House of the Dragon star Milly Alcock opens up about misogyny on the HBO show

house of the dragon may place women at the forefront of its story, but that doesn’t mean it shies away from how patriarchy, misogyny, and violence can affect them.

Author George RR Martin has previously defended the show against accusations of sexism, pointing out that “history” tends to be “misogynist,” and because it references historical events, his work may appear sexist to some.

House of the Dragon star Milly Alcock opens up about misogyny on the HBO show

Milly Alcock, who portrays Rhaenyra Targaryen in her younger years, also addressed the portrayal of misogyny house of the dragon in an interview with news week.

Regarding the friendship between her character and Alicent Hightower (Emily Carey, later Olivia Cooke) and the way her downfall leads to Martin’s books on the Dance of the Dragons, Alcock said the themes of misogyny and patriarchy needed to be explored .

“I find [their friendship is] really central to the main themes of the show, which are patriarchy and misogyny,” Alcock said news week. “Because ultimately we’re exploring this very nuanced relationship [and the] internalized misogyny these two women are forced to contend with, but ultimately the downfall of their friendship is caused by choices made by men.

“And because they’re not in the modern world that we live in, they don’t have a word for it, they don’t have an understanding of what [the] The struggle they face is that ultimately it’s everything in the show.”

house of the dragon
Milly Alcock as young Rhaenyra Targaryen in The House of the Dragon. The actress spoke to Newsweek about her character and the show’s misogyny.
Ollie Upton/HBO

Once good friends, Rhaenyra and Alicent’s bond becomes strained when Rhaenyra’s father decides to make Alicent his second wife, and in Martin’s books the two later become rivals after the death of King Viserys I when Alicent attempts to Challenge Rhaenyra’s right to the Iron Throne, feeling that her eldest son should rule instead.

house of the dragon also depicts violence against women in a variety of ways, but it’s particularly noticeable in the show’s premiere episode when King Viserys I (Paddy Considine) forces his wife Aemma Arryn (Sian Brooke) to have a cesarean section without her consent, an act fatal to her leads to death.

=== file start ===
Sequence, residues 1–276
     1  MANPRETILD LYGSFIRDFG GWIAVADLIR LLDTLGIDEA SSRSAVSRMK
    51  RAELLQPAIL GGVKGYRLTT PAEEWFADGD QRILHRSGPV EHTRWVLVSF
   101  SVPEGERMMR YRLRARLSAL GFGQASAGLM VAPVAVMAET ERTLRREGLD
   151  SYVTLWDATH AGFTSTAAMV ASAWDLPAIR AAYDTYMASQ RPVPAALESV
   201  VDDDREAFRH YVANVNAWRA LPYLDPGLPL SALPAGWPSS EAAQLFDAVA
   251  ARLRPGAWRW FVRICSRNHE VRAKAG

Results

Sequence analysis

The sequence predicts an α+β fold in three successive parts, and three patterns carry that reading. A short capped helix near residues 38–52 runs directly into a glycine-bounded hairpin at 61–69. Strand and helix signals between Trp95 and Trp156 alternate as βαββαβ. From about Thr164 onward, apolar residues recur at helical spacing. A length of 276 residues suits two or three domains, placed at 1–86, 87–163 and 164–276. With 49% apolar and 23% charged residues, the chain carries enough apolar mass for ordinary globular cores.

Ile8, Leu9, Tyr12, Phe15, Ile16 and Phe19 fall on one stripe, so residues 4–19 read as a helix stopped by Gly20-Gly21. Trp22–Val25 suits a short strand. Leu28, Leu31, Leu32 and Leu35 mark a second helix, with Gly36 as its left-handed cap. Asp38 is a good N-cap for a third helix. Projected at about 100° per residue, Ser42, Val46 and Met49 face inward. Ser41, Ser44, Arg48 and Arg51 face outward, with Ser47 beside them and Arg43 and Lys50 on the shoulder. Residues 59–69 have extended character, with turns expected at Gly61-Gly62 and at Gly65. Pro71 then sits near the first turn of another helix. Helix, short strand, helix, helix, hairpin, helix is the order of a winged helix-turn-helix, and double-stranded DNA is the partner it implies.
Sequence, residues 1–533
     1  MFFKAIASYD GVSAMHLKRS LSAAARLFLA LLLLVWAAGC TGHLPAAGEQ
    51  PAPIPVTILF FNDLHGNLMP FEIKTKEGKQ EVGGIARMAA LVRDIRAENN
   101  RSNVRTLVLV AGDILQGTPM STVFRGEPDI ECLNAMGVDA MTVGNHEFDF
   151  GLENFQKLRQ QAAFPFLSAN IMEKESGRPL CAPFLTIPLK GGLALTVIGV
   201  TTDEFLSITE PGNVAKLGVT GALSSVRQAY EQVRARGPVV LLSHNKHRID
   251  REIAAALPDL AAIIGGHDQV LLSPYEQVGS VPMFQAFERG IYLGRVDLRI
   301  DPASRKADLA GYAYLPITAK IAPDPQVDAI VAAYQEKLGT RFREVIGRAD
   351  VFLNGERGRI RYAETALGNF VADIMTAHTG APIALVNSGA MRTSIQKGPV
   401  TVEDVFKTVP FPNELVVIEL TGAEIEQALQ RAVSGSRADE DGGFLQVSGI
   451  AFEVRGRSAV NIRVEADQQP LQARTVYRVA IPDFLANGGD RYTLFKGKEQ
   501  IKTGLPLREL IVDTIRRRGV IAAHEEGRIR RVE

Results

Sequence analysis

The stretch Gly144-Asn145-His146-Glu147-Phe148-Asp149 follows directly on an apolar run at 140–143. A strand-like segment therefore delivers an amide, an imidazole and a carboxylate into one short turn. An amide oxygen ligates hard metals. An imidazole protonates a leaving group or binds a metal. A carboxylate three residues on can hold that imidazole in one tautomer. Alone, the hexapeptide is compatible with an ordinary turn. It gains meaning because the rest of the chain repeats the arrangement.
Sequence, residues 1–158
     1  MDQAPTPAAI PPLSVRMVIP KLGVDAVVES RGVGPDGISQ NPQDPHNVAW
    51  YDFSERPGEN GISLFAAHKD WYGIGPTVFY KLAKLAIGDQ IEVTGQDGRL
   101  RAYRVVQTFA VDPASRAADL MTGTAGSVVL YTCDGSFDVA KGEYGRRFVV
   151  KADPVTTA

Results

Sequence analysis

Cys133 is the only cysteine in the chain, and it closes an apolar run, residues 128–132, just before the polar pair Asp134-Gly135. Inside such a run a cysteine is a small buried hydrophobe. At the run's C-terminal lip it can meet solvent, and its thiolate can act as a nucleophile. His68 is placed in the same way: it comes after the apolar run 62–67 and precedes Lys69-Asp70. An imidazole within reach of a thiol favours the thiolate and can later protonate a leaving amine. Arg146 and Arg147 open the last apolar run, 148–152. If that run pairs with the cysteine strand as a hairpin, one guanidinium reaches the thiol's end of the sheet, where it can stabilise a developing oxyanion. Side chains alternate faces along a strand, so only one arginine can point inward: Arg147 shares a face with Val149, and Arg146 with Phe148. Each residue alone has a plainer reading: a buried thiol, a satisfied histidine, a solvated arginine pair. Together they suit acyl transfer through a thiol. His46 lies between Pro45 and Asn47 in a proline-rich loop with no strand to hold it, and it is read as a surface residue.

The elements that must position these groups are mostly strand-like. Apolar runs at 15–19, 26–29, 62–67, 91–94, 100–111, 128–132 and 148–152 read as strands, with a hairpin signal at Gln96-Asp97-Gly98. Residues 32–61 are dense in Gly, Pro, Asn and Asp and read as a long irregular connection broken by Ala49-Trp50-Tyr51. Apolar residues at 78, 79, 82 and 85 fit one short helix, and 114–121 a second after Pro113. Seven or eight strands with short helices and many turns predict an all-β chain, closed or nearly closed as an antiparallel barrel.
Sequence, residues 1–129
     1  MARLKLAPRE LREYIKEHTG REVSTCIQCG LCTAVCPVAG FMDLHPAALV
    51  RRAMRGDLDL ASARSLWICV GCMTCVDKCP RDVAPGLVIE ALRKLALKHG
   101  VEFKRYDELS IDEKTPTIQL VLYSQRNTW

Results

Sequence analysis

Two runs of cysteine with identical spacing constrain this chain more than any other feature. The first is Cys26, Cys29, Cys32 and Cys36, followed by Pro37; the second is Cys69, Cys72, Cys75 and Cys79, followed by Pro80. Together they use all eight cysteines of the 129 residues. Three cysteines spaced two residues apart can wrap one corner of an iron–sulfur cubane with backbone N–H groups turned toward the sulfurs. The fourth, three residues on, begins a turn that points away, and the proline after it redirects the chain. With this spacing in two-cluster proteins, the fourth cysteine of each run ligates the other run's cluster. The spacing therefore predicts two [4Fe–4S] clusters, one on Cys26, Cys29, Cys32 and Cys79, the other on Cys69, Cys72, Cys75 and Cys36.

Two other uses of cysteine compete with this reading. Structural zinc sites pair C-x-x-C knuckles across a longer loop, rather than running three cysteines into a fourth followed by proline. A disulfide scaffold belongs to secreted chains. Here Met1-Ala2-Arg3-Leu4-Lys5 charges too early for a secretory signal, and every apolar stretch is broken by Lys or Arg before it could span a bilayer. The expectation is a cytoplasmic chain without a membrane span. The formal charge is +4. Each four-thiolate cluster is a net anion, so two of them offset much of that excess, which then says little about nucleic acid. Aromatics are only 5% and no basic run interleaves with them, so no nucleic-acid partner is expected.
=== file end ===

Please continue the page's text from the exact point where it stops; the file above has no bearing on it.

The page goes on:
In a less overtly violent way, the show also addresses the lack of trust in women as leaders, with Princess Rhaenys (Eve Best) being passed over for the throne in favor of her male cousin, and later having Rhaenyra navigate her feelings as the people of Westeros believe that she will not be an able ruler.

“I think the show isn’t trying to recontextualize Westeros into this suddenly very feminine landscape, because that’s not and won’t be the case,” Alcock said in response to the treatment of female characters and violence against women in the show series was asked .

“I think it did a wonderful job of being honest about the pain these women went through and it ultimately makes the audience feel sympathetic,” Alcock added. “And I think that’s a stronger narrative as opposed to disrespecting the amount of pain [they’ve gone through] and ignoring that somehow these women were positioned and had to deal with it [that pain].”

Being “captivated” by Rhaenyra but disliking her dragon riding scenes

Alcock portrays Rhaenyra for the first half of the season, with Emma D’Arcy taking over the role once the character is grown.

Sharing how much she enjoyed playing the dragon rider, she said: “She’s an incredible character, she’s very endearing in the way she moves around the world and I think we’ll see how.” she ultimately morphs fully into this adult throughout the series.

“I was captivated, captivated by her, her guts and her intelligence, and honestly I was a little bit intimidated to play someone like that because I don’t want to screw it up.”